(A) I would add that it might lead to a more unified body of human rights law, plus it’s more realistic, since a range of human rights can be violated by a single action or set of actions. Procedurally it would be the case that the unified committee would hear petitions re: violations of X treaty only if the state were a party to X treaty and had accepted the committee’s competence to hear individual petitions re: X treaty. One problem is that the committee members are selected by the treaty parties. Since not all states are party to all treaties, there could be a question of who gets to vote for the members. But there might be ways to resolve that - e.g., so long as a state is party to one of the treaties it gets to vote. The biggest hurdle is that all this would require amendments to the treaties. I don’t know if there’s any one reading I could suggest -- it’s just something that relates to a number of matters we covered.

(Q) Does the TVPA preempt the ATS? Let’s say a foreign-born plaintiff’s claim could have been filed under the TVPA, but instead she wanted to use the ATS. I guess I am wondering if we are doing an ATS analysis, and the plaintiff could file under both statutes, would we have to do an analysis of both, or just the TVPA because it preempts the ATS?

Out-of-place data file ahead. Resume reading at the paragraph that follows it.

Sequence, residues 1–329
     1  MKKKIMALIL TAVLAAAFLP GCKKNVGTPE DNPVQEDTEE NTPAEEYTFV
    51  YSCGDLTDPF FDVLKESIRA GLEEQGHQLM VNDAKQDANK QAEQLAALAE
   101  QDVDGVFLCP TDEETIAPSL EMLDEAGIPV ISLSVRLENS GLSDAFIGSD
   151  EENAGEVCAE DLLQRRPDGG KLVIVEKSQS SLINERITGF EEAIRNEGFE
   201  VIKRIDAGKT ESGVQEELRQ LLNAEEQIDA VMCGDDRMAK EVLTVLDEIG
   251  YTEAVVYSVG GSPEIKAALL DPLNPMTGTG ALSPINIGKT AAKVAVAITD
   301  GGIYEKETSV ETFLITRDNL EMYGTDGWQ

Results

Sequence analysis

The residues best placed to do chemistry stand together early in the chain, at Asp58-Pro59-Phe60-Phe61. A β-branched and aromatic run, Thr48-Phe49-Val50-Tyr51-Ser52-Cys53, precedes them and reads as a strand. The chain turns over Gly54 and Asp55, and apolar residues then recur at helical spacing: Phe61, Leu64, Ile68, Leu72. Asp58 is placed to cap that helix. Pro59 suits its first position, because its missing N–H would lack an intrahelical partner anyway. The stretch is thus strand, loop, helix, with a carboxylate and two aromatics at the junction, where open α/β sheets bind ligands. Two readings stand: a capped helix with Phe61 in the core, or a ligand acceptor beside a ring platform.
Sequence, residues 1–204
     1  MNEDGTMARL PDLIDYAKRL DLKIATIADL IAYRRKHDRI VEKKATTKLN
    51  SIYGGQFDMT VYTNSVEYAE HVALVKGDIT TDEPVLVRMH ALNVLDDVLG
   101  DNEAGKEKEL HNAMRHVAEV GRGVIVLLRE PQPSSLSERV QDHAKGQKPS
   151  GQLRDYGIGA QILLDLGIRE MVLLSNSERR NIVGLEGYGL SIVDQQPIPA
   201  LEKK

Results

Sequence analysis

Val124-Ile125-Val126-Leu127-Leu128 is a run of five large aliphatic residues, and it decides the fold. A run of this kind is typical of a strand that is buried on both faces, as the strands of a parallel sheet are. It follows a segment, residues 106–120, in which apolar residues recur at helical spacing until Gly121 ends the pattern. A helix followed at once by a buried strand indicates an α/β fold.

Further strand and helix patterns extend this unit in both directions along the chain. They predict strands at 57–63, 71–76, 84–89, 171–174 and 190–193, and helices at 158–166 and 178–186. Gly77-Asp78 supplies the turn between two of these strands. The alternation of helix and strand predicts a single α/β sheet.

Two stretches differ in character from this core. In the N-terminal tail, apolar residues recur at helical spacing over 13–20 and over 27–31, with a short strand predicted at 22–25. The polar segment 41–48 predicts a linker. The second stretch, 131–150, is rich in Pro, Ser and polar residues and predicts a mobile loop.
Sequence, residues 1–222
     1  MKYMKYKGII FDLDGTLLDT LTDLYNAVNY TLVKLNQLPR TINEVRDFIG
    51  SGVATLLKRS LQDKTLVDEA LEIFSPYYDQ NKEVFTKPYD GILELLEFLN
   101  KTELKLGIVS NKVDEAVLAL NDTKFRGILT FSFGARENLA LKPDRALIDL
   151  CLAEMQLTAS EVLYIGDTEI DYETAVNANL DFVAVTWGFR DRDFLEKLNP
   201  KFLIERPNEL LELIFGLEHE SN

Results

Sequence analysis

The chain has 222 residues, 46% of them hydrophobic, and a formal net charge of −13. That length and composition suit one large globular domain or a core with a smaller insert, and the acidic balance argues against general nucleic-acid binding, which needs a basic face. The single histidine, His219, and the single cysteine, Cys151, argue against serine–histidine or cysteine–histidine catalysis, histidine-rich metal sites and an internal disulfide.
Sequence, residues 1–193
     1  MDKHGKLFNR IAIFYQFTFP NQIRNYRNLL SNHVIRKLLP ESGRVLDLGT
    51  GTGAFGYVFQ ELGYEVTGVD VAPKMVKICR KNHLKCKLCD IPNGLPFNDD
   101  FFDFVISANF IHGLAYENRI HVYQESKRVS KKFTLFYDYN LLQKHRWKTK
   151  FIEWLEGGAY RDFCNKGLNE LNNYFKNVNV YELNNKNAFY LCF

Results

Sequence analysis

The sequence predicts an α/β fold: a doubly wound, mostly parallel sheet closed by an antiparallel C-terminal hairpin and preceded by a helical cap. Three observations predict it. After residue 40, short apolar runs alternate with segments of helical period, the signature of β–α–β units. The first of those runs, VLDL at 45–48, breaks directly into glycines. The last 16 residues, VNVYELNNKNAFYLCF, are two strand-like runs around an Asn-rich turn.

(A) Most courts if not all (I can’t remember if there are some outliers) have said that the TVPA did not repeal the ATS or implicitly modify it. The main issue where that might come up is exhaustion of local remedies -- most courts have said it’s not required under the ATS. A few have said that exhaustion has become a requirement of international law in general, and since the ATS refers to internaitonal law, it must require exhaustion. I can’t recall off the top of my head, but I think some may have read the TVPA to modify the ATS in this regard. But those are all distinctly a minority.